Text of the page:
Growing up in Johnson County, Geoffrey Starks could walk from his Leawood home to the Sprint campus in Overland Park. He even ran a Thanksgiving “turkey trot” there.
Starks, 39, sworn in earlier this year as the newest commissioner of the Federal Communications Commission, offers this piece of personal history to say that the FCC’s upcoming vote on T-Mobile’s $26 billion merger with Sprint is more than just his first big decision.
It hits close to home, where Sprint employs 6,000 people.
“I know what Sprint means to Kansas City,” he said, in an interview in his Washington office this week.
Starks, who holds one of the two Democratic seats on the commission, said all proposed mergers have to be assessed across a broad range of potential impacts, including jobs.
“I believe in a muscular public interest standard in evaluating mergers and that is not only whether consumers will be harmed by mergers,” he said. “Our public interest standard actually looks at whether consumers and competition will be enhanced. That includes pricing. That includes service. And that does include jobs as well,” Starks said, speaking broadly about all mergers reviewed by the commission.
“I don’t think it is improper for me to consider the impact on jobs, jobs gained and jobs lost.”
Starks and the entire five-member commission, including Republican chairman Ajit Pai, who also grew up in Kansas, met with Sprint CEO Michel Combes for a series of individual meetings at the FCC.
“We had an open dialogue on the business and how they’re thinking about it. And I got to ask him some questions that are important to me,” said Starks, who declined to reveal details of the discussion. A spokeswoman for Sprint said she had no comment on the meetings beyond confirming the list of attendees.
Sprint and T-Mobile executives testified to Congress last month that the merger would create thousands of jobs. But the Communications Workers of America, a union which opposes the merger, has predicted a merger of the two cellular giants could endanger 28,000 jobs nationwide.
The competing claims have come under scrutiny from lawmakers, including the former pastor of the church where a young Starks attended Bible camp for multiple summers: Democratic Rep. Emanuel Cleaver of St. James United Methodist Church on Kansas City’s east side.
Cleaver said he trusts his former camper to sort out the discrepancies.
“I can guarantee you he will know this issue backwards, forwards and sideways and make an intelligent decision,” Cleaver said.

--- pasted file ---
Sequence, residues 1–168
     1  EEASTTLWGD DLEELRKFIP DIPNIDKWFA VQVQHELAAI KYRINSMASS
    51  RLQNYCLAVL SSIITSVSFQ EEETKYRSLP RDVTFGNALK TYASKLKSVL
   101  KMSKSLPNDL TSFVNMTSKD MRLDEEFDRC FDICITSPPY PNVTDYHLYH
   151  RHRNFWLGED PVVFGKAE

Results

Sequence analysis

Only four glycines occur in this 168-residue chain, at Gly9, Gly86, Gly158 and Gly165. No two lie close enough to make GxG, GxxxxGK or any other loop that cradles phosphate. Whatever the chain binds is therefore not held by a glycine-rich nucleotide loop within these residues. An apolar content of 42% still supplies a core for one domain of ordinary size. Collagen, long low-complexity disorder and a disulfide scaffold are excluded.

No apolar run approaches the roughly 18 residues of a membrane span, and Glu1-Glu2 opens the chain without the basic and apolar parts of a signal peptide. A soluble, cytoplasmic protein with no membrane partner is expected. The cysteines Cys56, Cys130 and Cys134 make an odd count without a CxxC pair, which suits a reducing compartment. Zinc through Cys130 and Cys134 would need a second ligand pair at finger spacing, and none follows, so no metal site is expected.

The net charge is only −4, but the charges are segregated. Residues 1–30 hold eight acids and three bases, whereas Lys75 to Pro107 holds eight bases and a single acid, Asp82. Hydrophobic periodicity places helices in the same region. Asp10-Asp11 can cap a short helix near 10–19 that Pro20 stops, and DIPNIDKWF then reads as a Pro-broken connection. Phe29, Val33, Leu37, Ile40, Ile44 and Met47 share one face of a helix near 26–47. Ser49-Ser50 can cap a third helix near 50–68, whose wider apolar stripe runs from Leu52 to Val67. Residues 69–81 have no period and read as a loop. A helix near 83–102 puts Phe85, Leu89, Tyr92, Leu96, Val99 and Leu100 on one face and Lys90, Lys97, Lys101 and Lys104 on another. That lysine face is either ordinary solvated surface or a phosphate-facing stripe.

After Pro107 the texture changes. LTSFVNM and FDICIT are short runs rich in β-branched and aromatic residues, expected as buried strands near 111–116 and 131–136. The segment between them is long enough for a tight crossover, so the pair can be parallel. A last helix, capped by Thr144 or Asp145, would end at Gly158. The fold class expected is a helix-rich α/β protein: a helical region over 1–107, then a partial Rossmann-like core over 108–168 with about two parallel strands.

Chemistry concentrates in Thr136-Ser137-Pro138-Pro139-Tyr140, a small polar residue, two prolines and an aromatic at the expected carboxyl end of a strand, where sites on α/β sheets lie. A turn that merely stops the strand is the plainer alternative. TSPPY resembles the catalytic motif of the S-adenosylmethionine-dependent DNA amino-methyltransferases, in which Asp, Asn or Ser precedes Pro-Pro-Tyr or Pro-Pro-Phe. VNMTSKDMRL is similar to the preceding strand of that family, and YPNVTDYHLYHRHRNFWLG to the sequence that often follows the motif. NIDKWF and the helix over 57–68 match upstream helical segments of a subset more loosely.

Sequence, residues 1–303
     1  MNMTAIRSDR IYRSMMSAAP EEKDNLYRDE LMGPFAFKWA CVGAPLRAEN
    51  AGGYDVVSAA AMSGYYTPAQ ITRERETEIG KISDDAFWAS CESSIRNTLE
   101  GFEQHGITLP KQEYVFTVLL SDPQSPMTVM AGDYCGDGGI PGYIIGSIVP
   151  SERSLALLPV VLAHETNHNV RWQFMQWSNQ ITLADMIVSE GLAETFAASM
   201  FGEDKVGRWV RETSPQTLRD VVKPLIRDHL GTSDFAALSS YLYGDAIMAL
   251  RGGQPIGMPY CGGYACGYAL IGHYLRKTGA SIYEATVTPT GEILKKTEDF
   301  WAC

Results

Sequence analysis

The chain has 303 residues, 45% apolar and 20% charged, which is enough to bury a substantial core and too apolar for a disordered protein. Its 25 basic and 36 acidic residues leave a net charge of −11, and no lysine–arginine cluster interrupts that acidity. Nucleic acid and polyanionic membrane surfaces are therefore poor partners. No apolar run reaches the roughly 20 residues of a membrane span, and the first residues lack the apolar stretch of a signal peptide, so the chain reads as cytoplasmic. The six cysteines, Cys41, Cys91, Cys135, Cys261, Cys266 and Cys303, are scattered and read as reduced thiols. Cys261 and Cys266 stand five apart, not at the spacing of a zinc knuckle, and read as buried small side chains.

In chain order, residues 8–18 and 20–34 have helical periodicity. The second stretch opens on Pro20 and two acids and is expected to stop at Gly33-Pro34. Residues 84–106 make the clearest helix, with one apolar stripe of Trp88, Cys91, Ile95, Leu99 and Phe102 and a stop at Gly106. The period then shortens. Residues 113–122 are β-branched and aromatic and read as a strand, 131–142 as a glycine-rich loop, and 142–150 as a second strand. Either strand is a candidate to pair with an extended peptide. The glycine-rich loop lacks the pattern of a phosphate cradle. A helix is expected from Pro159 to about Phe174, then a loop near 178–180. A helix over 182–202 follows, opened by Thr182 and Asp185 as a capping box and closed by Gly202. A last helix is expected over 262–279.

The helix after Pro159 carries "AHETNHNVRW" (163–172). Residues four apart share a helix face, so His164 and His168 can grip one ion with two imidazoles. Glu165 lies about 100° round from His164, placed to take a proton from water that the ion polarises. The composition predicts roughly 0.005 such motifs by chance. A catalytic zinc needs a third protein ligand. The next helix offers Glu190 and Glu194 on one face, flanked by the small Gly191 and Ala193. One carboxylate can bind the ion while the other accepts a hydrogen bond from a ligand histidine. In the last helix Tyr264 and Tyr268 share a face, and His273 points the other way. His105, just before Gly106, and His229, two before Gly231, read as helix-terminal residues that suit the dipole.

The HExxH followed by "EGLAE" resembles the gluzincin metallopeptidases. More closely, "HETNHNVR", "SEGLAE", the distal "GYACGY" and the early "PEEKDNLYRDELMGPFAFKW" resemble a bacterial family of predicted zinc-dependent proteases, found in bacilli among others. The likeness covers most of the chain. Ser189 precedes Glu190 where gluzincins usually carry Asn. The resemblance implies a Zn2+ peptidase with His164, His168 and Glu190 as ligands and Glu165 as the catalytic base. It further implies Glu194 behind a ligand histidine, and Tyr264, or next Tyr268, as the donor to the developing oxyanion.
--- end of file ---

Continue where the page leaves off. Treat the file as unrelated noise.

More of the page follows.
Both companies said that a merger is necessary to compete with AT&T and Verizon in building a 5G network, which will increase download speeds and capacity.
Starks said he wants to use his position to bring broadband to underserved communities. He said that 61 percent of Missouri’s geographic area lacks a high speed internet connection, but he’s also interested in the gap within urban areas.
“I’m very aware that there are folks who are still living with no G’s or 1G where it’s very slow, so what I don’t want is for 5G to expand the digital divide,” he said.
Starks joined Cleaver in the Kansas City area this month for a series of events focused on increasing broadband access in rural and urban communities.
“I think the big takeaway was that he came to our meeting in the first place,” said Carrie Coogan, president of the Kansas City Coalition for Digital Inclusion, a group that that was founded to advocate for closing the digital divide after Google Fiber came to Kansas City.
“He really took the questions and took everything to heart,” Coogan said.
Starks graduated Rockhurst High School in 1998, the same year as Republican Sen. Josh Hawley, attended Harvard and worked for the Illinois State Senate when Barack Obama was a member.
Following Yale Law School, where he reconnected with Hawley, he clerked for federal appeals Judge William Duane Benton in Kansas City. He moved on to the Department of Justice in 2013 and then as an attorney for the FCC in 2015 prior to his appointment as a commissioner.
Starks said he first became interested in digital equity a decade ago, after an argument in a Kansas City barber shop about the Chiefs.
“I said why don’t we all go home, look it up on the internet, and next time I come back we’ll figure out who was right and who was wrong. And everyone in the barbershop is a little quizzical and it quickly becomes very real that I was the only person with internet to my home,” Starks said.
“Even today less than 50 percent of black and brown homes have the internet… And what does that mean? Your phone does a lot. But if you’re trying to build a resume, if you’re trying to help your kids do their homework, it’s pretty hard.”
Cleaver, who has known the Starks family for years, said he is genuine about serious about his interest overlooked communities.
“He didn’t grow up in the slums or public housing or even the urban core, but I think his parents did what they could do to make sure he had the issues facing people in the urban core in his heart and his mind.”